I usually don't read Young Adult or children's literature but I was wowed by this historical fiction book. It draws from accounts of people who lived on Alcatraz because they or family members were guards and other workers at the famous prison. The author's imagination takes off from there. It's also a look at a family who has a daughter with autism long before that was officially diagnosed/labeled. It's an interesting story well-told. I can't wait to have my daughter read it.
This is the sequel to "Al Capone Does My Shirts" and I don't like it as much as I like the first book. It explores more of coming-of-age issues (first kisses, etc.) than the first book did. This one has more action and perilous moments but I didn't feel drawn into it. I feel like I want more closure or finality to the story -- I want them to grow up and leave Alcatraz, but there isn't a third book.
A piece of cake to read. Har har har. I've read almost every book in this series. The plots are formulaic but it's good when you don't have to think and in my jobs I read for work, not pleasure, too much of the time. I read culinary mysteries for the recipes. I get just as tired of goody-goody Hannah trying to choose between two boyfriends in this one -- oh grow up -- as I weary of Goldy in Diane Mott Davidson's series reminding everyone what a horrible abusive ex-husband she has -- you have a better one now, let it go already and teach me how to cook something. Hannah's character at least talks and behaves like someone her age -- I always think Goldy is way older than she is and her character is supposed to be about my age.
I read this book, fittingly, on my first trip to LA. That's where Reichl became a critic when the city was just becoming known as a restaurant town. When she showed up at fancy restaurants in thrift-store clothing and a Volvo that started with a screwdriver instead of a key, I felt reassured that great things can come from humble beginnings.
Cropped To Death is a cozy mystery that exceeds expectations. The author, Christina Freeburn, writes what she knows: scrapbooking and small-town West Virginia life. As a West Virginian who scrapbooks and runs a scrapbooking retreat for women, I was excited to get my hands on an Advance Reader Copy. The 290-page book, published by Henery Press, will be on sale Nov. 20, but you can pre-order it now from Amazon.com and barnesandnoble.com.
Not only does the heroine, Faith Hunter, work in a scrapbook store, the clue to the murderers identity and motive is found hidden in a scrapbook layout. Faiths coworker is accused of cropping her cheating husband out of the picture permanently. The evidence is damning and no other suspects are considered. However, Faith feels compelled to prove her friends innocence because of what happened to her in the past, when she was a U.S. Army JAG Specialist. Scrapbookers will recognize the hobbyist terms but even nonscrapbookers will be able to tell from the context what Faith is talking about when shes teaching a scrapbooking class or helping customers.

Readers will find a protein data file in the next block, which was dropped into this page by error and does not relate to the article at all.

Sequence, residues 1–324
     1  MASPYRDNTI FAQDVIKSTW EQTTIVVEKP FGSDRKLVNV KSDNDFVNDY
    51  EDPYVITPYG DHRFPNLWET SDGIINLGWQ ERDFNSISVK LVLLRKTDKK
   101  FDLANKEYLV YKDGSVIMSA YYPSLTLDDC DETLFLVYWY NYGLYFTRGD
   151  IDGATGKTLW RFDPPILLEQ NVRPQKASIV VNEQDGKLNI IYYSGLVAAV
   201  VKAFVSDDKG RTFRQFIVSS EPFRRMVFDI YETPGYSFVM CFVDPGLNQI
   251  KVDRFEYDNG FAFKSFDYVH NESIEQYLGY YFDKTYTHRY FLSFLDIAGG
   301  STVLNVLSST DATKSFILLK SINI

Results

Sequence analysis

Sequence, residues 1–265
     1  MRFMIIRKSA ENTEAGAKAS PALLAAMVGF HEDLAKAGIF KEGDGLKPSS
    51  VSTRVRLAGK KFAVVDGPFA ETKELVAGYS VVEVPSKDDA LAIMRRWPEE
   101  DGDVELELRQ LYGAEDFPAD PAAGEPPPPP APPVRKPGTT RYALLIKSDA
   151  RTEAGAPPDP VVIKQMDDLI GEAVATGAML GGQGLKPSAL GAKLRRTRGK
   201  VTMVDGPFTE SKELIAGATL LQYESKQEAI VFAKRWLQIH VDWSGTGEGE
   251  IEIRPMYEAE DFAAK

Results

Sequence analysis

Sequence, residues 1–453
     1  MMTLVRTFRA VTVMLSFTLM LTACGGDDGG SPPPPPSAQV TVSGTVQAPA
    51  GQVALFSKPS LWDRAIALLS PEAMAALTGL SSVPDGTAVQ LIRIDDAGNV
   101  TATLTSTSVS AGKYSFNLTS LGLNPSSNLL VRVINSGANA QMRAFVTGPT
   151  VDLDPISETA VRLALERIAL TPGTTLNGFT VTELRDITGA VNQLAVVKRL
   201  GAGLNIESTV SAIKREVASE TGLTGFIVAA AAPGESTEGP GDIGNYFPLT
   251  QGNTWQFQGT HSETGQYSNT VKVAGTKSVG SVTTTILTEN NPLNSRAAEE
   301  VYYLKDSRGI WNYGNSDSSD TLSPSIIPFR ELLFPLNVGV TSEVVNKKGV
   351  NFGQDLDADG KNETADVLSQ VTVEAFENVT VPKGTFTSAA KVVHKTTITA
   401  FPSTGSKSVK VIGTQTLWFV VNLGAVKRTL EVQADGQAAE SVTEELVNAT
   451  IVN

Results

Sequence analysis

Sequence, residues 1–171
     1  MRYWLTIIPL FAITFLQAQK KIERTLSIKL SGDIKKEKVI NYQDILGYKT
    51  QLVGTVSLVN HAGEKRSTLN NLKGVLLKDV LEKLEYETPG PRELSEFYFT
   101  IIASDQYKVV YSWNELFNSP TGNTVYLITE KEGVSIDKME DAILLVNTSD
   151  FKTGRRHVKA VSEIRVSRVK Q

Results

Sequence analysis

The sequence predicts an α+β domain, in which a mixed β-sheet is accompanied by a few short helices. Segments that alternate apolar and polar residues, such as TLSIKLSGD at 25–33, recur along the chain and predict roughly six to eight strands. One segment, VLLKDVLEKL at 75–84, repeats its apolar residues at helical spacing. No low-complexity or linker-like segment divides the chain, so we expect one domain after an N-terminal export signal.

My small West Virginia town is not as quaint as Eden, W.Va., and has fewer tattletales (if not gossips) but Freeburns dialogue rings true. This is the way West Virginians talk. The author doesnt embellish by creating affected dialect. I am pleased that this book gives a positive representation of life in an Appalachian community. There are recognizable, familiar details in the setting with nothing objectionable. In fact, Eden could be any of several communities facing the dilemma of whether to evolve into a bustling metropolis or stay true to its farming roots. As Freeburn writes, The loss of landscape, faster pace of life and rise in crime caused distrust to bloom . Farmers blamed the artists who wanted more tourists visiting, and the artists blamed it on the tech people who wanted to enter into the new century.
There is nothing I dont like about the authors writing style. Its clear and easy to follow with strong verbs, specific description and real-life dialogue. As a journalist, I took note of the authors use of short sentences breaking up long sections. It varied the storys pacing. I dont know the author well but I can just tell it's her sense of humor that shows up in the book, helping the story flow, making the character real and keeping the reader interested.
Freeburn has crafted a mystery that does not feel clichéd or cookie-cutter. I read a lot of culinary mysteries, another subgenre of cozy mysteries, and its refreshing that the amateur sleuth in Cropped to Death did not find the body. The main character, Faith, is tangentially involved with the case and doesnt know, but can only discover, what the murder weapon is. The plot is realistic there is no providential in with the police or prosecutor. Even though one of the assistant prosecutors is a friend, Faith doesnt and cant take advantage of that information to help her solve the murder. The author doesnt make it easy for the heroine.
Also refreshing is the fact that the amateur can be bumbling she really messes things up in her investigation. She frequently realizes after the fact how she couldve carried out an idea without a blunder. It makes the character seem real.